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LPV Double Trouble Campaign

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SXN's picture
LPV Double Trouble Campaign

 Stars we call Double Trouble are stars that have close companions that create difficulties for visual and CCD observers alike. 

Observers reporting the combined magnitude of both members of a pair are over estimating the brightness of the variable.

Observers reporting the magnitude of the close companion, when in fact, the variable has faded below the brightness of its insidious partner, create "flat bottom light curves", which do not represent the actual behavioral characteristics of these stars.

We propose here, a long-term campaign on LPVs that are Double Trouble.

The initial goals of the campaign are as follows:

1- To raise awareness of the trouble they cause, and the affect it has on AAVSO data. We hope that bringing attention to these stars will cause observers to submit more accurate data. A side project in this campaign is to have a note regarding these special situations appear in the footer of every AAVSO chart plotted for them to assist in bringing these devils into the light.

2- Determine true minima of the variable members of these close pairs. Not all of these characteristics are well-known, or correctly listed in various catalogs.

3- Increase the density of coverage in hopes of characterizing these stars throughout their light cycles, not just at minimum. 

4- We also hope to create a program that utilizes the strengths of both visual and CCD observers working together. Visual observers providing intense coverage in the bright range of the stars, with occasional data provided by CCD observers, and CCD observers picking up the coverage when these stars get below the typical threshold for visual observations (<13.5).

5- Provide an observing challenge that is as much fun for the challenge as it is for the potential scientific payoff. Observing and splitting close double stars has been enjoyed as part of the traditional hobby space of observational astronomy for hundreds of years. These close pairs have the added advantage of never looking the same way twice, since at least one of the members is variable!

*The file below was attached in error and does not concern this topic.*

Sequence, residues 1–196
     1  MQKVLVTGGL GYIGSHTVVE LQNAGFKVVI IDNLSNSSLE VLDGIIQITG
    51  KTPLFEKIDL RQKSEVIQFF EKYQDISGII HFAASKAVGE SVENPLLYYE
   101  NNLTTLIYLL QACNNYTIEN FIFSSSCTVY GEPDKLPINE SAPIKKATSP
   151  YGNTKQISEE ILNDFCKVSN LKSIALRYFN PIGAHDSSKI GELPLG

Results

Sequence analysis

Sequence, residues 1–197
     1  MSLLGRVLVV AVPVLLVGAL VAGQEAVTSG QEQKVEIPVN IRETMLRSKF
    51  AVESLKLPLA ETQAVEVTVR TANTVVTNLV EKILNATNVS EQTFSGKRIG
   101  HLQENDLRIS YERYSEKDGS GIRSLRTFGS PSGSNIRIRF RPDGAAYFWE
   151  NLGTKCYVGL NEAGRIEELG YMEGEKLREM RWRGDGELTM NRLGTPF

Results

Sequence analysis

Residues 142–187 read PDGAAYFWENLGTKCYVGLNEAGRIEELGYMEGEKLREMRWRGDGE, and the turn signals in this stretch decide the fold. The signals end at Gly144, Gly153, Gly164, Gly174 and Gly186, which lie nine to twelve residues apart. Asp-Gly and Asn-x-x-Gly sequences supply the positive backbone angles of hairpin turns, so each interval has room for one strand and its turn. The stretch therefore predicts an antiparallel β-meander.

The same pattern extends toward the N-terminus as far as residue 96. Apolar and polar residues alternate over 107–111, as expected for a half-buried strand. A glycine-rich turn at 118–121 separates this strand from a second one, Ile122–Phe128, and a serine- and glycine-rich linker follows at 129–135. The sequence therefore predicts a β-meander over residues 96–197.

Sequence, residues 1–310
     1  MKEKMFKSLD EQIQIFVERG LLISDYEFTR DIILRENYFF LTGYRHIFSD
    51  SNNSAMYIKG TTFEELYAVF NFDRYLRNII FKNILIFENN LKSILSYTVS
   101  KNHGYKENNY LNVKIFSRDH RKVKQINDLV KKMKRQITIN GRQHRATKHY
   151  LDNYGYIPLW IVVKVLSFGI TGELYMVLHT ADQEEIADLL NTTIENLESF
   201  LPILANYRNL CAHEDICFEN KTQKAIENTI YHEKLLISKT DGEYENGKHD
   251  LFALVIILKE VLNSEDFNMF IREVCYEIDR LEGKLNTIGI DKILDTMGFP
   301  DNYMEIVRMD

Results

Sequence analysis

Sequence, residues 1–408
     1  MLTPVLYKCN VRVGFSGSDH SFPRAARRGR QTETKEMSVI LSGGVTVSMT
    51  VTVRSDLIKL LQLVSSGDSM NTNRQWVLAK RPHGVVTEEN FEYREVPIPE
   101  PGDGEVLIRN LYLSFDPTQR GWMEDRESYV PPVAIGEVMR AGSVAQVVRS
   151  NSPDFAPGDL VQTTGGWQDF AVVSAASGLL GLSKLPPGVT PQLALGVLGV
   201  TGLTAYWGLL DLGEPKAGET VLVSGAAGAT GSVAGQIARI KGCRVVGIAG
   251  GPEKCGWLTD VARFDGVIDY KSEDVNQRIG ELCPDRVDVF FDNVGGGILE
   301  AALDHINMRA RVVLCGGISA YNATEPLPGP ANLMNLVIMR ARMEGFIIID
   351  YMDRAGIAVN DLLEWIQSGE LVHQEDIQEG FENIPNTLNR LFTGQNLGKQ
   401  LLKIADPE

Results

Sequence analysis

As we learn more about these stars we may expand the goals of the campaign to include any serendipitous discoveries made along the way, and we will certainly expand the list of stars as more are brought to our attention. If you know of any LPVs (or other types of stars) with close companions that may affect the accuracy of the data submitted to the AAVSO please contact the section leader, Mike Simonsen at mikesimonsen at

For the list of campaign targets go to the AAVSO LPV Section page on Double Trouble 

paw's picture
TT Mon

I stopped doing TT Mon (the only target I've ever done on this list) becasue of this problem, and will gladly take it up again with more care. Thanks Mike.

Double Trouble

Thank you for initiating this interesting campaign.  Even if it were not currently known to be double, it occurs to me that a flat bottomed Mira might be an indicator of an extremely close (visually unresolvable to amateur scopes) double star.  So maybe, in that situation, we could make a case to have some big time (HST, Keck, other?) professional assets look for optical or spectroscopic indications of the Mira being a double star?

BBI's picture
V0437 Per is for this reason,

V0437 Per is for this reason, a difficult object in my 10cm refractor.

SXN's picture
R Normae another example

Arne brought R Nor to my attention this morning. It has a 13th mag companion ~6 arc seconds west of the variable. I added a note in VSX that will now show up on the charts when they are plotted. I think we may have to add this one to the list too!

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